How *Not* to Do Timeboxing in Agile
How *Not* to Do Timeboxing in Agile
Any project in which timeboxes have become unbounded is not being run in an agile manner.
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Timeboxing can be seen as a core discipline that agile practitioners ought to master. Scrum has five events, for example, each of which can take no more than a maximum amount of time.
Assuming a one-month Sprint — which is itself a timeboxed container for the other events — Sprint Planning can take no longer than 8 hours, the Sprint Review 4 hours, and the Sprint Retrospective would have to be done and dusted in 3 hours. Each Daily Scrum is timeboxed to a maximum of 15 minutes, regardless of the length of a Sprint.
Every one of these events is an opportunity to inspect and adapt something, whether it be a plan of work or an increment of functionality lined up for delivery.
Teams that operate on the basis of continuous flow, and do not “Sprint” at all, generally still find it useful to timebox. Few Kanban teams would accept a daily huddle that dragged on without limit, for example.
The essential constraint is that meetings of any sort tend to be subject to the law of diminishing returns. If a daily huddle were to last 30 minutes rather than 15, it is unlikely to be twice as effective. Breaking timebox limits does not usually improve the quality of an activity. It is typically better to get on with the work, deliver value in a timely manner, and learn from actual experience.
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When the bounds of a timebox are not observed, the focus one might expect from a time-limited activity becomes dissipated. The goal of the activity is no longer kept to the forefront of people’s minds and the effort becomes subject to drift and delay.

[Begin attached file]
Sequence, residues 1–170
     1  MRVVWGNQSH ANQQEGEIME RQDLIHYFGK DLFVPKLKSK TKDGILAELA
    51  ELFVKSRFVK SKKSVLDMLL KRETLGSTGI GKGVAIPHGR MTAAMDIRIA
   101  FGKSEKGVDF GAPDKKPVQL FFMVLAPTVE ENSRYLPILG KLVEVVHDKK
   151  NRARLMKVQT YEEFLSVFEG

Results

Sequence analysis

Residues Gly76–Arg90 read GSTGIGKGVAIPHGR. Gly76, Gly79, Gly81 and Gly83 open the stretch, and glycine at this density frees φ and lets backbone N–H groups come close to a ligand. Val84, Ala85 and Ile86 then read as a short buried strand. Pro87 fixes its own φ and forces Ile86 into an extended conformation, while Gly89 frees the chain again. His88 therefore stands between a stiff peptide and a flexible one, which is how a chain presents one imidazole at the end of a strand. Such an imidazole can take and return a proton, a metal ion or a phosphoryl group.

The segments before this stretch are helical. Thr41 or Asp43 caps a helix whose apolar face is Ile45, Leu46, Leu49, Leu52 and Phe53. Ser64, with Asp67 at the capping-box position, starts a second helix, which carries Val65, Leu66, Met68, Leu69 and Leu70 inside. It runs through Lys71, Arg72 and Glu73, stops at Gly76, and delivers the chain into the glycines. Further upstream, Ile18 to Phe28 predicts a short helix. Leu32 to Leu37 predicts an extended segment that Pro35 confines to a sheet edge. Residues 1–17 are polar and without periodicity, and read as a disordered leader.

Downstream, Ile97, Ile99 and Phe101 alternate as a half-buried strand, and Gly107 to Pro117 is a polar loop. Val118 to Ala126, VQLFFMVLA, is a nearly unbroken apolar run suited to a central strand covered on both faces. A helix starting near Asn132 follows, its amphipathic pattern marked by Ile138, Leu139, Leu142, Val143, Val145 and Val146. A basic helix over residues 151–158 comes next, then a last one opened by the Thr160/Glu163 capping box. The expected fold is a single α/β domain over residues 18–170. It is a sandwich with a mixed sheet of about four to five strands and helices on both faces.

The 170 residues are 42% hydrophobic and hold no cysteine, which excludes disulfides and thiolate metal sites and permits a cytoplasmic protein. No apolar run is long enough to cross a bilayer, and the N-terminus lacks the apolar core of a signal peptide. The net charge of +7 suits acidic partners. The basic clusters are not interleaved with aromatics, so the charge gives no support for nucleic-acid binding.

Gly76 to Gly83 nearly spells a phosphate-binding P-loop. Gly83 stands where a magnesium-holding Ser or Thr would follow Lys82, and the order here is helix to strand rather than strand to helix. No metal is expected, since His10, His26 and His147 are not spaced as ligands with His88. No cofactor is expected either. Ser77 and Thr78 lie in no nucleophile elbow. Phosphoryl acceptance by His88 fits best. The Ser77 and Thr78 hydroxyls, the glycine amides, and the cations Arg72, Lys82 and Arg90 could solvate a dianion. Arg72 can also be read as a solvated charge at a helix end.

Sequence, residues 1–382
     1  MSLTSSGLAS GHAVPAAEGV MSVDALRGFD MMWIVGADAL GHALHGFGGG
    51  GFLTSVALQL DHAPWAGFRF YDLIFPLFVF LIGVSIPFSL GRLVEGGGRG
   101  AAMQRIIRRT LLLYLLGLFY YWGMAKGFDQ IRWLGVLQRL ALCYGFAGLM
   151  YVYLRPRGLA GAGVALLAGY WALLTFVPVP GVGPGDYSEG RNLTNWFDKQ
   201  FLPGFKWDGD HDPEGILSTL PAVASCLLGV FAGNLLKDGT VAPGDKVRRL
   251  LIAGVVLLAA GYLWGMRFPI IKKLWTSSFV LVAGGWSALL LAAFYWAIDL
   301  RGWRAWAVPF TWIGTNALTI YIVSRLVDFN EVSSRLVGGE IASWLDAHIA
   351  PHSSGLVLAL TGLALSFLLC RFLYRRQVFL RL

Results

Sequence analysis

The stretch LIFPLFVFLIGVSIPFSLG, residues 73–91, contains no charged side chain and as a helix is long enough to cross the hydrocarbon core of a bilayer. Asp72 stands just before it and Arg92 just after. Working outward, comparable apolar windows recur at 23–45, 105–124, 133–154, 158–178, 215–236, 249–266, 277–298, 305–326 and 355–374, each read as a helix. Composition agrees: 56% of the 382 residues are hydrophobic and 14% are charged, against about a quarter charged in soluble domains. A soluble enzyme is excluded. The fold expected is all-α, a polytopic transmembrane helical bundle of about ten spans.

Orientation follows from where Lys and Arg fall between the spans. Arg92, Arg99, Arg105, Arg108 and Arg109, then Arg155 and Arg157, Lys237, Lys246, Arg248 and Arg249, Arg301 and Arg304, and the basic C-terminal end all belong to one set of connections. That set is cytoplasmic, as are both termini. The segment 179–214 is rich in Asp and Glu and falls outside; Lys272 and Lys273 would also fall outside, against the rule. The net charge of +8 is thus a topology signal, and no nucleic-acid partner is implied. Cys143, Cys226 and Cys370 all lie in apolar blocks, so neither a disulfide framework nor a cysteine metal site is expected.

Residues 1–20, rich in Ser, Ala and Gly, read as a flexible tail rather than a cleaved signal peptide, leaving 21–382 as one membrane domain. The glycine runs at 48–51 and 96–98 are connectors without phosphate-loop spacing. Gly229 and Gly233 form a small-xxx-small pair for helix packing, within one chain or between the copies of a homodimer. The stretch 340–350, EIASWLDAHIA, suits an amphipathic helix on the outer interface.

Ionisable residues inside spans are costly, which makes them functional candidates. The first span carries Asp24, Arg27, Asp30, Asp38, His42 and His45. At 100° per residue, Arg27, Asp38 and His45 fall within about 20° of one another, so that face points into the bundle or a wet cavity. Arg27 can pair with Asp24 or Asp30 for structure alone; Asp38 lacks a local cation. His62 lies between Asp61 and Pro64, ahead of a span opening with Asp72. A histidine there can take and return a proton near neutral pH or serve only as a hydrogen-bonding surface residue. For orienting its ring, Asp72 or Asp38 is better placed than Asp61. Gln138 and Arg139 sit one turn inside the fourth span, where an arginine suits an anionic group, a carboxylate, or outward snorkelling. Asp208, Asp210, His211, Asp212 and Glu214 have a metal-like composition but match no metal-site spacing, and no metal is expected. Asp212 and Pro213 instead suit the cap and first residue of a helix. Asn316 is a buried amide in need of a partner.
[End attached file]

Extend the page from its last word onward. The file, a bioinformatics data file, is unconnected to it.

Moreover, the ability to compare certain activities can become harder if the time spent on them varies, hence why Sprints ought to be of the same length if their effectiveness is to be compared and contrasted.
Yet, while it can sound as though respecting timeboxes ought to be a “no-brainer” and violations are a rare occurrence, in fact the pressure is often on for teams to break the limits. The antipattern of “unbounded timebox” is rather more common than you might think.
For example, teams may be tempted to extend a Sprint if they think it will increase the chances of their Sprint Goal being met. Doing so will create the illusion of having had a successful Sprint even though the forecast of work was not provided in a timely fashion.
The antipattern of “unbounded timeboxing” tends to arise when product ownership is inadequate, and the pull exerted for delivery is too weak to make disciplined timeboxing seem worthwhile.
Unbounded Timebox is Antipattern of the Month at agilepatterns.org
Intent: Allow an indeterminate amount of time for the completion of a task
Proverbs: To protract a great design is often to ruin it; Procrastination is the art of keeping up with yesterday
Motivation: The time-boxing of incremental delivery requires the specification of intermediate goals. Time-boxes should be of the same length so that progress can be assessed regularly on a goal-by-goal basis. However, teams can be tempted to try and extend an available time-box if, in so doing, it increases the chances of an intermediate goal being met. The team can then create the illusion of success even though the deliveries that were forecast have not been made.
Structure: A team plans to action certain items from an ordered backlog, and to do so within a time-boxed project iteration. However, inspection of the time-box shows that the goal is unlikely to be met. The time-box is then revised to be of indeterminate length such that it will only complete once the intended goal has been completed.
Applicability: All agile methods, including Scrum, DSDM, and XP, mandate that time-boxes be of a fixed length. They cannot be extended. Any project in which time-boxes have become unbounded is not being run in an agile manner.
Consequences: When a time-box is unbounded, the ability to inspect and adapt the delivery process is compromised. Reviews, retrospectives, and future planning sessions will be deferred until an arbitrary point when the time-box completes. Useful and comparable metrics will no longer be produced iteration by iteration. Progress towards the completion of a project can no longer be gauged in such conditions and risks will be difficult to assess. Incremental deliveries will not occur as forecast, and an early return on investment will not be possible.
Implementation: Unbounded time-boxes tend to occur when product ownership is weak and insufficient pull is being exerted upon a team and their backlog for the regular delivery of valuable increments.
See Also: Iteration
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